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New system reflects growing concers over poor results in the conventional exams that enable pupils to access higher education.
The upper chamber of Romania's parliament, the Senate, will on Monday approve a plan to introduce vocational school-leaving exams that will qualify students for special vocational training, not for university studies.
The plan, proposed by the Education Ministry, reflects growing concern over consecutive poor results in graduation exams.
Just under half of all twelfth grade pupils passed their university entry qualification exams this year. In 2011 around 44 per cent of high school pupils failed the exam.
The number of failure grades increased significantly since the authorities decided to raise education standards and clamp down on cheating.
Copying during examinations was widespread under the Communist regime. After 1990, the shortage of jobs motivated many students to try to graduate with flying colours at any price. Only successful candidates can enter university.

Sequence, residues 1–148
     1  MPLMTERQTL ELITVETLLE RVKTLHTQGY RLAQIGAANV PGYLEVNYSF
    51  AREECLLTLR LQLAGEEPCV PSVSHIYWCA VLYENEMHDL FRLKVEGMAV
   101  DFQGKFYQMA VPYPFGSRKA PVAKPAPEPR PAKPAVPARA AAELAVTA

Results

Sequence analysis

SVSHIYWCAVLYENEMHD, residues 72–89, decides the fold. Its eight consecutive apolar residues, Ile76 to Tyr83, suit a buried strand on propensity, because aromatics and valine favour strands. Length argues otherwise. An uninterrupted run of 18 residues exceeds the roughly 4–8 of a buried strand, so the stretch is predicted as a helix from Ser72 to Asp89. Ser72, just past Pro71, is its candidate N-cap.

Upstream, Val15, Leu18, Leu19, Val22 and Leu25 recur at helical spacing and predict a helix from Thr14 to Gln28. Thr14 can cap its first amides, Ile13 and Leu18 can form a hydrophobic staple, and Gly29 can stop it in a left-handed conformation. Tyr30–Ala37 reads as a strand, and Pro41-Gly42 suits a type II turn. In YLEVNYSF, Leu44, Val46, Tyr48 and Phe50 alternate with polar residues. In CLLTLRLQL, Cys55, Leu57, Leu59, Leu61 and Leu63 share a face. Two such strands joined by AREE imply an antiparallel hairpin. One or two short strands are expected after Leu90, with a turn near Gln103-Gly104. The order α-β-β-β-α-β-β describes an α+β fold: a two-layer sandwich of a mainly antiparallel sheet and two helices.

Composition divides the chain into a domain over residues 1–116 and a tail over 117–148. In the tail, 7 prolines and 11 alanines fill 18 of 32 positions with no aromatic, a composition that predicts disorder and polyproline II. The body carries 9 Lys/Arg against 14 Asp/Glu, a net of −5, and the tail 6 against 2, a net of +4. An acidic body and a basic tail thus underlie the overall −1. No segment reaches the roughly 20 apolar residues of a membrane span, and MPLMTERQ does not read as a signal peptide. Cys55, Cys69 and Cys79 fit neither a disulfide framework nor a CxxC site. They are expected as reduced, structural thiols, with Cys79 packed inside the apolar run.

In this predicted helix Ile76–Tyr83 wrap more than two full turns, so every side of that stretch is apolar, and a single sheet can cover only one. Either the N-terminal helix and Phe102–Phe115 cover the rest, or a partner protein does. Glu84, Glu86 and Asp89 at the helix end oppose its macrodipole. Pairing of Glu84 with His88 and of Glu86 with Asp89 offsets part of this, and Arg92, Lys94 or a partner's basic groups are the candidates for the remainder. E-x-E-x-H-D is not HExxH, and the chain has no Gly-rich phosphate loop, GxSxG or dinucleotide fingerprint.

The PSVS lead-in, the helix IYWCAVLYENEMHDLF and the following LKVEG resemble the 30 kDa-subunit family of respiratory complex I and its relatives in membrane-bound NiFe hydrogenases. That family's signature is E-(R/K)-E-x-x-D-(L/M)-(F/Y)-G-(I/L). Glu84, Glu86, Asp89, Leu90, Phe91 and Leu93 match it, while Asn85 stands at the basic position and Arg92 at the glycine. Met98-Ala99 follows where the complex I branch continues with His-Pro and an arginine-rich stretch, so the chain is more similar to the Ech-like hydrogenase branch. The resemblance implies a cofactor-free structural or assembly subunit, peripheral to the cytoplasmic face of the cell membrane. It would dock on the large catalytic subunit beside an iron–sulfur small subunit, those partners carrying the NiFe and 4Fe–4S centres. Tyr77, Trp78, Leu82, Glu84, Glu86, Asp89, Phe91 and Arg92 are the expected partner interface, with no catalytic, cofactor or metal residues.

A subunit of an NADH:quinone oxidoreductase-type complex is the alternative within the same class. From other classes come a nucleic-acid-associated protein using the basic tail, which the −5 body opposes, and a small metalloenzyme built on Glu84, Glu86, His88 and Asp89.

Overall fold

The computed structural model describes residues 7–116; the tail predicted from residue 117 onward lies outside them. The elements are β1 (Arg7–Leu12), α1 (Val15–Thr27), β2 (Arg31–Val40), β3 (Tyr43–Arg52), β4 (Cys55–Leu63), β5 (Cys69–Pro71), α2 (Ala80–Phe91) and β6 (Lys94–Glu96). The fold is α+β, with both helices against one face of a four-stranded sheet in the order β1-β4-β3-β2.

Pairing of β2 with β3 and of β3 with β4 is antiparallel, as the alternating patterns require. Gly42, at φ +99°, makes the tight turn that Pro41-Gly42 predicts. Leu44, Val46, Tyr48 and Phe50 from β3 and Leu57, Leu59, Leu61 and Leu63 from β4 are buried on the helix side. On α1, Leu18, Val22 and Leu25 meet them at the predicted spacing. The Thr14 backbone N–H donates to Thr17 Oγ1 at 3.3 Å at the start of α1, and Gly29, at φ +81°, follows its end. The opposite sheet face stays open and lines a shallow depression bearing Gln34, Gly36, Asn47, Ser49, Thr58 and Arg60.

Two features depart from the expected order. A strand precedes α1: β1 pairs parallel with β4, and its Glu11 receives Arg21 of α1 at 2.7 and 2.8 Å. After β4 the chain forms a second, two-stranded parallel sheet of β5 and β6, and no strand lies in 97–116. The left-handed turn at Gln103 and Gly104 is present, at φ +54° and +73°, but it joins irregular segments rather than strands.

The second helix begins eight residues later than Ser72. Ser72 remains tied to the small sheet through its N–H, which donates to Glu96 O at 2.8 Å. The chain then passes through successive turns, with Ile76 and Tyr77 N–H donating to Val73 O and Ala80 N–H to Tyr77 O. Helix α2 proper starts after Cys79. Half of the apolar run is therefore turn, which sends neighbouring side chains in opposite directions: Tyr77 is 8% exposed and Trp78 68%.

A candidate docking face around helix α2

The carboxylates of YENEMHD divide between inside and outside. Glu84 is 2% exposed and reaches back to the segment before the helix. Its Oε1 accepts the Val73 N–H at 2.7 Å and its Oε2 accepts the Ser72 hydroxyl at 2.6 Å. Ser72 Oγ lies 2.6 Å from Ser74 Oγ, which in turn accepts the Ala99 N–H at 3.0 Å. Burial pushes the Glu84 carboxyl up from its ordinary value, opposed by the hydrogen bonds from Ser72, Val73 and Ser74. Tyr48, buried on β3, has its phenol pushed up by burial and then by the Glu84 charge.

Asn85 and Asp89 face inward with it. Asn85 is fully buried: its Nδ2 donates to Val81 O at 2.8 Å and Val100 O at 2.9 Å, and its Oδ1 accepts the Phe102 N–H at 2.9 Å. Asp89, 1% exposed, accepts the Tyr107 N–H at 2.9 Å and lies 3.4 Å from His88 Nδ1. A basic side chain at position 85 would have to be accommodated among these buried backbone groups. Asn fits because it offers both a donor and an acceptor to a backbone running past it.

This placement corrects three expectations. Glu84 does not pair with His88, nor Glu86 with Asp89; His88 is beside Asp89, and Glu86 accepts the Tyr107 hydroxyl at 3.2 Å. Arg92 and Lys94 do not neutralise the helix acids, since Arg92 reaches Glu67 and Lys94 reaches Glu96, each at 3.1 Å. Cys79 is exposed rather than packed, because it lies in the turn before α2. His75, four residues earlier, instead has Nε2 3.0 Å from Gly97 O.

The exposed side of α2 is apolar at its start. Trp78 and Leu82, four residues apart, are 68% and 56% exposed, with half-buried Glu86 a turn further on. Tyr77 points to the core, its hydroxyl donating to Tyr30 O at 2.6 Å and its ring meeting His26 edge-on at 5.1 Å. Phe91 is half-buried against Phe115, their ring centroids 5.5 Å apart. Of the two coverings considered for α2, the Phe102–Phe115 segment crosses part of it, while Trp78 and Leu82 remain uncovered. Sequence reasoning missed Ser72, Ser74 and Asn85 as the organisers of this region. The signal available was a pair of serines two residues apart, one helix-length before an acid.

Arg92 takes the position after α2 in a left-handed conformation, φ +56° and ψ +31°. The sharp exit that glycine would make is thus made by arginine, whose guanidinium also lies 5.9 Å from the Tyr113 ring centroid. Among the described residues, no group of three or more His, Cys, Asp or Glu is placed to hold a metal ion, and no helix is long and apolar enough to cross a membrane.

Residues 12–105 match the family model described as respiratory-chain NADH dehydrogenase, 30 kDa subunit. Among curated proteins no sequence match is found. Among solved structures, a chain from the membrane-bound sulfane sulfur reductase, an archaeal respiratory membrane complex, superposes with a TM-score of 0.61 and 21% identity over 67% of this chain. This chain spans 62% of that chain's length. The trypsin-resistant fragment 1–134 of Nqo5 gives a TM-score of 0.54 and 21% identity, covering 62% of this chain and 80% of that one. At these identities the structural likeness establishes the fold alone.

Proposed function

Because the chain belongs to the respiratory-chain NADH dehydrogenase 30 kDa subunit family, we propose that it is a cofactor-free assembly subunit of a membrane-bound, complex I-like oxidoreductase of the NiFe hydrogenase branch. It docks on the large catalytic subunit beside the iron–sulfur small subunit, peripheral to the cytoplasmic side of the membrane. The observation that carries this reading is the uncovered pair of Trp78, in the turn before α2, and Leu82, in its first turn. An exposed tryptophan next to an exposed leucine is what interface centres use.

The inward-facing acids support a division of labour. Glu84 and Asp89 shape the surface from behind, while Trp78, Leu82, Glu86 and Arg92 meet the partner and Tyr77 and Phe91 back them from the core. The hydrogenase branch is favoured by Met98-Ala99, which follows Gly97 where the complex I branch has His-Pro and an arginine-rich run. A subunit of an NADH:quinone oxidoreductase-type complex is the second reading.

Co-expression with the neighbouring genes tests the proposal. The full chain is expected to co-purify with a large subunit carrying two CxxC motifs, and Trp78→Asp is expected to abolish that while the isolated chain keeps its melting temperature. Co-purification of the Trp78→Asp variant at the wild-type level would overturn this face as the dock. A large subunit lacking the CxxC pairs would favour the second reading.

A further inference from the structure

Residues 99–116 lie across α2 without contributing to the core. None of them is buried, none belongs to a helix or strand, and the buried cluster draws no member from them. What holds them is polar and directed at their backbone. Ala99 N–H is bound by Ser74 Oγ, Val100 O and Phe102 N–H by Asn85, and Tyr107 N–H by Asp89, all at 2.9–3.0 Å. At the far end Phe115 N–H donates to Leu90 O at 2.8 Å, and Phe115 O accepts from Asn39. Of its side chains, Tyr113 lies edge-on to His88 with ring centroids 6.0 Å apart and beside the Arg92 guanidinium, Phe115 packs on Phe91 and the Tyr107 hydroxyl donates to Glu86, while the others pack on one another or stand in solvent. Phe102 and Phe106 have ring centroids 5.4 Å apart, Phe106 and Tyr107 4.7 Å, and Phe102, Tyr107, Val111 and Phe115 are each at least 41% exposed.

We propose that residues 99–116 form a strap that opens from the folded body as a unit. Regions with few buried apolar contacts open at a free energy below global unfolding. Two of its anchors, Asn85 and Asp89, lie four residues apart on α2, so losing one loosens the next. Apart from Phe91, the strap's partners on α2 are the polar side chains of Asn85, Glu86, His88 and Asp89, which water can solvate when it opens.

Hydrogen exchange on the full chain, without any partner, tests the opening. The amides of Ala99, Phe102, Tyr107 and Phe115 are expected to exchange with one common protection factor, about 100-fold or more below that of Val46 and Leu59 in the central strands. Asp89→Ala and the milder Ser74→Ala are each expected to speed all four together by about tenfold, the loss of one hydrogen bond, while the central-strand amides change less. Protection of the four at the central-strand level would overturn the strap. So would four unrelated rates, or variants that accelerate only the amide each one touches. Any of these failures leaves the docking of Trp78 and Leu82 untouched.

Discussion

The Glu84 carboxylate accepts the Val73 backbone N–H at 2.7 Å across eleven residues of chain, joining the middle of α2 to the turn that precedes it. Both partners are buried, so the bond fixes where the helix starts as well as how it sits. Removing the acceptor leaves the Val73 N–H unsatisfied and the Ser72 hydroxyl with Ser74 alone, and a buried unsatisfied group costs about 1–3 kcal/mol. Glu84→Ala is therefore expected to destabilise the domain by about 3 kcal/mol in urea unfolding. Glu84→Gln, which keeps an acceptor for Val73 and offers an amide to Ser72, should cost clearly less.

Education experts have welcomed the change. “Romania's education system remains rigid, as vocational training is weak and poorly coordinated with the needs of the labour market,” journalist Ciprian Domnisoru said.
“Introducing a vocational school-leaving exam is a welcome proposal... plumbers and waiters will now have a diploma that distinguishes them from those that didn't make any effort with their school-leaving exams,” he added.
Experts say that delays in reforming matters have damaged the quality of the educational system.
Since 1989, there have been about 20 different ministers of education and while each ministers has argued explicitly for reform, their different visions only added to the confusion.
Education in Romania is also under-financed. The education budget has dropped to just 3.6 per cent of GDP this year, well below the average European rate of around 5 per cent.
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